In a series where the New York Mets and Yankees were fighting not just for bragging rights but to stay afloat in their postseason races, this was an important rubber game. Short of Roger Clemens committing assault against Mike Piazza, this turned into the most emotionally charged Subway Series game.
In the season and series finale, it was Francisco Lindor who would knock out the Yankees. First, he hit a three run homer in the second inning to give the Mets a 4-2 lead.
— New York Mets (@Mets) September 13, 2021
Entering the sixth, that 4-2 lead was a narrower 5-4 lead. Lindor would hit a solo shot to increase the Mets lead to 6-4. As he rounded the bases, he made a whistling motion to let the Yankees know he was angry with their whistling during not just Taijuan Walker‘s previous start to let the batters know what was coming, but we would also hear it during the game.
— New York Mets (@Mets) September 13, 2021
That Mets lead would evaporate when Giancarlo Stanton hit a two run homer off of Brad Hand in the seventh to tie the game at 6-6. Notably, when Stanton would pass short, he would make it a point to trash talk Stanton leading to the benches clearing. Also noteworthy is while the benches were clearing, Stanton went to the dugout to take off his batting helmet and gloves before coming back out of the dugout to stand in the back.
While Stanton would shrink from the trash talk, Lindor would stand tall. The Mets superstar shortstop came up in the bottom of the eighth, and he would join Kirk Nieuwenhuis and Lucas Duda as the only Mets hitters to have a three home run game at home. Lindor would be the only switch hitter.
— New York Mets (@Mets) September 13, 2021
As if this wasn’t sweet enough, Stanton would come up in the top of the ninth with runners on second and third and two outs. He was facing Edwin Diaz who has struggled mightily in September, and he appeared on the verge of another blown save. Instead, Stanton popped out to none other than Lindor to end the game. As he and the Yankees left the field, both Lindor and Javier Baez waved them off of the field.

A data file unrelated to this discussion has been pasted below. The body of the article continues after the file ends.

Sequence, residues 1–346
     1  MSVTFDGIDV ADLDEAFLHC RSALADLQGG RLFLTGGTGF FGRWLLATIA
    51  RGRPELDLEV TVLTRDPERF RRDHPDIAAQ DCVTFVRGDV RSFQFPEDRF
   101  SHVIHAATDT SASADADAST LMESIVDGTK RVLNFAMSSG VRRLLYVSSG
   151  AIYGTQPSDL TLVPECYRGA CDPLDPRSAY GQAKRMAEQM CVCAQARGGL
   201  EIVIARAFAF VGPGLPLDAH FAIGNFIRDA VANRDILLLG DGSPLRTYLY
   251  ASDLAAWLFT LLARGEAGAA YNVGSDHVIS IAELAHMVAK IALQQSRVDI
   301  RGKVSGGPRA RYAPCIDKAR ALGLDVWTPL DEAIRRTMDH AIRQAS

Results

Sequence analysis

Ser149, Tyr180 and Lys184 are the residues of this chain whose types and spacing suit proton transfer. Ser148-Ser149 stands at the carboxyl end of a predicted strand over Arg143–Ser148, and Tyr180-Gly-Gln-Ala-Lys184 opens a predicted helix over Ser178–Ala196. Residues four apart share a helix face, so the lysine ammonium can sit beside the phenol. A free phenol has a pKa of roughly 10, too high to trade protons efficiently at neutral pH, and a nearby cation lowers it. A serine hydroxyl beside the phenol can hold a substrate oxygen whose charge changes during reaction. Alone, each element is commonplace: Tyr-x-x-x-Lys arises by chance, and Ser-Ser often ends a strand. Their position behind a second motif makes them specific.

Don't come back now, ya hear? pic.twitter.com/wow2aDl8jZ
— Meditations in Panic City (@MedInPanicCity) September 13, 2021
People are calling this Lindor’s signature game with the Mets. That’s probably too soon to call. There are going to be 10 more years of Lindor after this season. With that is going to come All-Star appearances and hopefully multiple World Series titles. Chances are we haven’t yet seen Lindor’s signature game. Instead, we have probably seen Lindor’s first real great game in a Mets uniform.
That is more than good enough for now, and those three homers were more than enough to TKO the Yankees. As for the Mets, it’s kept them alive for at least another day. Maybe, just maybe, with Lindor playing at this incredible level, there may just be a miracle run.
With this being the 20th anniversary of 9/11, there are many memories which return. There’s also seeing how loved ones are dealing with the diseases and cancers suffered after being at Ground Zero.
Most of the memories are painful and full of fear. There were the sights and the stories. However, at a certain point, we get back to Mike Piazza.
That moment was everything right with sports. It brought hope to those in despair. It brought a sense of relief to those with anxiety. It turned tears of sadness into tears of joy.
There have been homers to win World Series and break records. However, there will never be a more important homer ever hit. For that, thank you Mike Piazza.
Watching that Field of Dreams Game, you couldn’t help but be overtaken by how extraordinary it was. The players coming out of the cornfield. The views on TV. The game. All picture perfect.